> year
> old because they lose their flavor.
>
> Coffee buyers said the oldest Arabica beans are headed to bulk and
> instant-coffee roasters, and ultimately to the companies that supply
> largely
> institutional coffees that can be found at some hotels, schools and vending
> machines. Many are expected to combine the older beans with newer ones or
> roast them longer to mask the taste.
>
> "You're not going to see this in your Starbucks," said Jorge Cuevas, chief
> coffee officer at coffee importer Sustainable Harvest, based in Portland,
> Ore. "It's mostly going to be in generic brands that you might get at an
> institutional level."
>
> As Arabica coffee's value deteriorates in storage, it becomes more
> attractive to certain commercial buyers that typically favor the
> lower-quality and cheaper Robusta bean, said Judith Ganes Chase, president
> of commodities research firm J. Ganes Consulting LLC of New York.
>
> In addition, droughts in the Robusta-growing regions of Brazil and
> production delays in places such as Indonesia have pushed the price of
> Robusta up 5.8% this year, which recently narrowed the gap between the two
> varieties to less than 50 cents a pound. The gap had widened to more than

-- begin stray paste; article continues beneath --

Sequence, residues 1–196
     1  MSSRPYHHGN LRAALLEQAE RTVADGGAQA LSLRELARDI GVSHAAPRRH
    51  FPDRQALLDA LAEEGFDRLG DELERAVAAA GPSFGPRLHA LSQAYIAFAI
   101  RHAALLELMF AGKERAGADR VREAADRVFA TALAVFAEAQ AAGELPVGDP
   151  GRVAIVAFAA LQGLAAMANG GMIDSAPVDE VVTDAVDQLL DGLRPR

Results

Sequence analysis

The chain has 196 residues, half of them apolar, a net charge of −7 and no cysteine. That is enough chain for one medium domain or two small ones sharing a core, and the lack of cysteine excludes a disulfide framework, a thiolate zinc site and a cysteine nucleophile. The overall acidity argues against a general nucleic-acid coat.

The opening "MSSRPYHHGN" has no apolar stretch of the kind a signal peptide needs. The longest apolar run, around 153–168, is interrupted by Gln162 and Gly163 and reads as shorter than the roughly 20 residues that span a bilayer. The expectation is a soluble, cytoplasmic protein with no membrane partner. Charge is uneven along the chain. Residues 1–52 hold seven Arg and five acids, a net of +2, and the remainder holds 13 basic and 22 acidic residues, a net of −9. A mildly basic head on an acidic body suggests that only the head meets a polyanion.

> 61
> cents as of Tuesday.
>
> Robusta for July delivery closed at $1,618 a ton on ICE Futures Europe on
> Tuesday.
>
> Some of the beans are so old that most lenders won't allow buyers to use
> them as collateral, according to a person familiar with industry-lending
> practices. Beans over two years old are typically assigned little or no
> value, the person said.
>
> The now-declining glut of stored coffee got its start in 2011. Futures for
> Arabica coffee hit their highest price in more than three decades that year
> at $3 a pound, boosted by limited supply and a new appetite in tea-drinking
> emerging markets such as China. Overproduction followed, and the beans
> arrived just in time for emerging-market growth to slow. By 2013, Arabica
> futures prices had fallen to $1 a pound.
>
> Producers stored their coffee rather than sell it cheaply. The average age
> of beans sitting in coffee exchange-certified warehouses peaked at 853 days
> in February 2015, up 80% from two years earlier, according to data from the